Saint Oliver Plunkett

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Oliver Plunkett

Birthplace: Oldcastle, County Meath, Ireland
Death: July 01, 1681 (55)
Tyburn, Middlesex, England (United Kingdom) (hanged, drawn and quartered)
Place of Burial: London Borough of Camden, Greater London, England
Immediate Family:

Son of Cap. John Plunkett of Loughcrew and Thomasina Plunkett

Occupation: Primat d'Irlande- saints et saintes de Dieu (12 October 1975), archevêque d'Armagh
Managed by: Private User
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About Saint Oliver Plunkett Saint Oliver Plunkett (alternative spelling Plunket) (1629 – 1 July 1681) was the Roman Catholic Archbishop of Armagh and Primate of All Ireland. He maintained his duties in Ireland in the face of English persecution and was eventually arrested and tried for treason. He was brought from a prison cell in Dublin Castle to face trial in Dundalk, during which he made no objection to the all-Protestant jury. The prosecution witnesses were themselves wanted men and afraid to turn up in court, so the trial soon collapsed. Because of a common belief that no jury in Ireland would ever convict him, irrespective of its makeup, Archbishop Plunkett was then transferred to face trial in Westminster Hall, London. His trial has often been described as a travesty of justice as he was again denied defending counsel, time to assemble his defence witnesses and he was also frustrated in his attempts to obtain the criminal records of those who were to give evidence against him. His servant James McKenna and a relative John Plunkett had travelled back to Ireland and failed within the time available to bring back witnesses and evidence for the defence. During the trial Archbishop Plunkett had disputed the right of the court to try him in England and he also drew attention to the criminal past of the witnesses, but all to no avail. Lord Chief Justice Pemberton addressing these complaints said to the accused, "Look you, Mr. Plunket, it is in vain for you to talk and make this discourse here now..."[1] and later on again, “Look you Mr Plunket, don't mis-spend your own time; for the more you trifle in these things, the less time you will have for your defence"[2]. In passing judgement the Chief Justice said: “You have done as much as you could to dishonour God in this case; for the bottom of your treason was your setting up your false religion, than which there is not any thing more displeasing to God, or more pernicious to mankind in the world.”[3]. The jury returned within fifteen minutes with a guilty verdict and Archbishop Plunkett replied: “Deo Gratias” (Latin for "Thanks be to God"). He was hanged, drawn and quartered at Tyburn on 1 July 1681, and became the last Roman Catholic martyr to die in England. Oliver Plunkett was beatified in 1920 and canonised in 1975, the first new Irish saint for almost seven hundred years.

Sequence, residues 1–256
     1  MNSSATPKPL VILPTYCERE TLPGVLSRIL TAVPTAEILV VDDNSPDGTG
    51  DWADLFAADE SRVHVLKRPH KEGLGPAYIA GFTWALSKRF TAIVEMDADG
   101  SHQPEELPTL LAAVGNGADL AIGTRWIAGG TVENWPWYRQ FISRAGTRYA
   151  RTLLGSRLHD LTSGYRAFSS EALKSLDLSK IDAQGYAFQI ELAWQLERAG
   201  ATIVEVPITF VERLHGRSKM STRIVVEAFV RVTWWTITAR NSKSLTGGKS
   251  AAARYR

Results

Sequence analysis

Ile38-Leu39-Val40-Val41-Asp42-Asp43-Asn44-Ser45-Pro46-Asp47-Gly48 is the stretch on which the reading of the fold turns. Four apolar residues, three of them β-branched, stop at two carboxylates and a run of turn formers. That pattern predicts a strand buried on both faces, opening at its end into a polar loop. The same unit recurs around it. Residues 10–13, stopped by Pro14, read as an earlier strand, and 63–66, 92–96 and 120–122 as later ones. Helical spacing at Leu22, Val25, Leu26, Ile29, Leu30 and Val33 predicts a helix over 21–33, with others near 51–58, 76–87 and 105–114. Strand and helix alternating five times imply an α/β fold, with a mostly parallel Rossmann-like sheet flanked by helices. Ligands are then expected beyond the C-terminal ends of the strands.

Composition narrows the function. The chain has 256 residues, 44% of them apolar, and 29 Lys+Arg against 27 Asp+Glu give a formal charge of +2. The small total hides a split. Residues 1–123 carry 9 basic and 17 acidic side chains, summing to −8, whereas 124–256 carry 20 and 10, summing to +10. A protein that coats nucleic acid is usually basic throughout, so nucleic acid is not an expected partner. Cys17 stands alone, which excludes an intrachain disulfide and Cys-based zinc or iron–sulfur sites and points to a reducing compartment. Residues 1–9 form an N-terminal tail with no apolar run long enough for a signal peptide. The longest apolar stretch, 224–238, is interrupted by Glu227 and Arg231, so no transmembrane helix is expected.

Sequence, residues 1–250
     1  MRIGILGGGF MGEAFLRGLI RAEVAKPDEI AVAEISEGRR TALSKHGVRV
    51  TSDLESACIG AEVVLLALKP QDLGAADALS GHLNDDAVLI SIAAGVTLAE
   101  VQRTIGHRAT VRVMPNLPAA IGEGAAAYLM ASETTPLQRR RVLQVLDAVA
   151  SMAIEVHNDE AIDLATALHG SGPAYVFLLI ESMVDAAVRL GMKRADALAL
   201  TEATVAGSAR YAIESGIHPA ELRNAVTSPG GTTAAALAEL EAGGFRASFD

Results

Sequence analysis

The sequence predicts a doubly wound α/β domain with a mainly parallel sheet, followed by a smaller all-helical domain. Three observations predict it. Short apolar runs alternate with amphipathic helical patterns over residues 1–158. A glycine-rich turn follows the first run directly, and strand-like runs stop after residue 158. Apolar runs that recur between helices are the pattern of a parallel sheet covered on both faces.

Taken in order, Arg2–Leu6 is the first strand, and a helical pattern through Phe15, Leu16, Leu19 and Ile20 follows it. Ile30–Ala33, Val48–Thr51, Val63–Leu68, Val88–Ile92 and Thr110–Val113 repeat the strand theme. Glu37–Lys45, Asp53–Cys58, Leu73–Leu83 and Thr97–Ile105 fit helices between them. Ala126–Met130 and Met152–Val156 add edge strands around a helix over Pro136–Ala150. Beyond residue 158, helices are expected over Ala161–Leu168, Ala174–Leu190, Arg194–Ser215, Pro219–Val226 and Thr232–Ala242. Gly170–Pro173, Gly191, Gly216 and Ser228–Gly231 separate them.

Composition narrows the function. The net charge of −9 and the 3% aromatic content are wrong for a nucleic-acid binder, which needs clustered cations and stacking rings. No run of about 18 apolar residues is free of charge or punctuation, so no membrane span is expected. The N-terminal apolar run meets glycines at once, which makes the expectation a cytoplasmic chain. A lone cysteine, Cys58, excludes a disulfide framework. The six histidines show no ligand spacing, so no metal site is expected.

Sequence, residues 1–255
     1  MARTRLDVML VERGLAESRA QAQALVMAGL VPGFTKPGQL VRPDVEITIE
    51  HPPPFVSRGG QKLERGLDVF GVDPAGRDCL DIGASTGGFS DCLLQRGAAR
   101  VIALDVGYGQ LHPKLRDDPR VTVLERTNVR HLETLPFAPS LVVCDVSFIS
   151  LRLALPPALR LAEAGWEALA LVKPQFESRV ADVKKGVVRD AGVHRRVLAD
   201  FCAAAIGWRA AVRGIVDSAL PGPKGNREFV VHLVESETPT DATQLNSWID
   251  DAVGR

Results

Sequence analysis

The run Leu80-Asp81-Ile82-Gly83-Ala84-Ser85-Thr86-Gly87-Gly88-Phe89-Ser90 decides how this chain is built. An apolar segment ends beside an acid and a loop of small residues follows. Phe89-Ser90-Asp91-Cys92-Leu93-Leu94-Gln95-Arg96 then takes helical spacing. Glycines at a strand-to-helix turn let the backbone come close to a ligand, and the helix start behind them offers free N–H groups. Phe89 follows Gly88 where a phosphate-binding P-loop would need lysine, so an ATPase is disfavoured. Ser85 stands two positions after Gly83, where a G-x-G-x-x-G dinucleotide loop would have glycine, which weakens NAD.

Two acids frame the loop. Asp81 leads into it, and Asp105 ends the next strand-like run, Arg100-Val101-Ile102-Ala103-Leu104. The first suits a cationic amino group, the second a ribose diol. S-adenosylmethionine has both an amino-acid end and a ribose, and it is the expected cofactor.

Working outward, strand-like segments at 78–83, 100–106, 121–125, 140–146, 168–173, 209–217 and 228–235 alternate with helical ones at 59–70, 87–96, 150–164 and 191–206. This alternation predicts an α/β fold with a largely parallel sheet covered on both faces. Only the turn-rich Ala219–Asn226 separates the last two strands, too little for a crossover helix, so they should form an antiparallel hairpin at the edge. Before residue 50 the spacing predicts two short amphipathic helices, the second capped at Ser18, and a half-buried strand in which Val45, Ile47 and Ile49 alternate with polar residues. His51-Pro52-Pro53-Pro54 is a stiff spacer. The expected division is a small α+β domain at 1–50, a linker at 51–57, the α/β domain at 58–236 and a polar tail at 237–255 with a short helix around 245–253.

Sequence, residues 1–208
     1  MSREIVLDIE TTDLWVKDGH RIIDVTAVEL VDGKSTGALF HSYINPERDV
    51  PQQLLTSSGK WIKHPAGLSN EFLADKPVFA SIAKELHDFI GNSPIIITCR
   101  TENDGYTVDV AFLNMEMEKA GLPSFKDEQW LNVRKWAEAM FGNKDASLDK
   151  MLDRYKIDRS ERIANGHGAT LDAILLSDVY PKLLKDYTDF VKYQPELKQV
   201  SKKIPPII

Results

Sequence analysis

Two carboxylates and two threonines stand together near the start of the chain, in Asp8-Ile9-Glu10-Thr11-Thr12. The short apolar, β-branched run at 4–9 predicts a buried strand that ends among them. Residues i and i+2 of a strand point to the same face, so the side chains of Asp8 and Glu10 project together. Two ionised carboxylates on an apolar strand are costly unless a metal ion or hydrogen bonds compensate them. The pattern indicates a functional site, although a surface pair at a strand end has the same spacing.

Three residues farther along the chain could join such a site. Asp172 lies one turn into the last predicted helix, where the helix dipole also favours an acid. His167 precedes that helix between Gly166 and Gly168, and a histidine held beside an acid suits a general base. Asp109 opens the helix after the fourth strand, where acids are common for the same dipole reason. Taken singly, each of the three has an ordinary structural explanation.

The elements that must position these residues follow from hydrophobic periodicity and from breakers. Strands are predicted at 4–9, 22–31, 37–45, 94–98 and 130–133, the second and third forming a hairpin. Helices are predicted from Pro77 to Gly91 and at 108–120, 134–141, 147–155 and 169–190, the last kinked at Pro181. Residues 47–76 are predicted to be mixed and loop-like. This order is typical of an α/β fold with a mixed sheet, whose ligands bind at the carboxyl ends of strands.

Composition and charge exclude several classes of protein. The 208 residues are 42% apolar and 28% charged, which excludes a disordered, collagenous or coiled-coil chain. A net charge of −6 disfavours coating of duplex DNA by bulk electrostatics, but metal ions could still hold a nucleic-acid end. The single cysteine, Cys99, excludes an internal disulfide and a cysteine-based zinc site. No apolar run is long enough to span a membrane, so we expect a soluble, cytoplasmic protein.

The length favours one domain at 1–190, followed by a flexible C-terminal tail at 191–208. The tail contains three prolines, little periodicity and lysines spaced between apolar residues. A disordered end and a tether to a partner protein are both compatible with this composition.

Here's something else which may be of interest to you regarding St. Oliver Plunkett, Jr. Enjoy!

“St. Oliver Plunkett, Jr. (1625 - 1681) As Archbishop of Armagh -- the chief bishop of Ireland -- Oliver Plunkett, took advantage of any opportunity to restore strength, unity, and good order to the persecuted Church in Ireland. ‘We must follow the example of sailors at sea. When the wind is favourable, they unfurl all their canvas and skim swiftly across the ocean under full sail; but when it turns against them, they lower their sails and take shelter in some little port.’” “365 Saints: Mystics, Martyrs, and Miracle Workers. Ecstatic Ascetics and Brides of Christ. A 1998 Calendar of The Lives and Writings of the Saints.” Thomas J. Craughwell. Workman Publishing Company. New York: 1997.

Saint Oliver Plunkett of Loughcrew

Dernier martyr catholique de Grande-Bretagne, béatifié le 23 mai 1920, canonisé le 12 octobre 1975.

Archevêque-primat d'Irlande, il doit exercer son apostolat dans la clandestinité mais finit par être arrêté, et, après un procès truqué, est condamné pour trahison à être "hanged, drawn & quartered": la victime est d'abord pendue, mais pas suffisamment longtemps pour en mourir: détachée, on lui ouvre le ventre pour en sortir les entrailles qui sont posées sur un brasier; après la mort, le corps est découpé en 4 morceaux qui sont exposés en différents lieux publics.

His head was brought to Rome, and from there to Armagh and (eventually ?) to Drogheda where, since June 29, 1921, it has rested in Saint Peter's Church. It was, at a time, at Monastery of St Catherine of Siena, Dominican nuns, foundation by Mother Catherine Plunkett (a relative of St Oliver Plunkett) in 1722.

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Saint Oliver Plunkett's Timeline

November 1, 1625
Oldcastle, County Meath, Ireland
July 1, 1681
Age 55
Tyburn, Middlesex, England
Greater London, England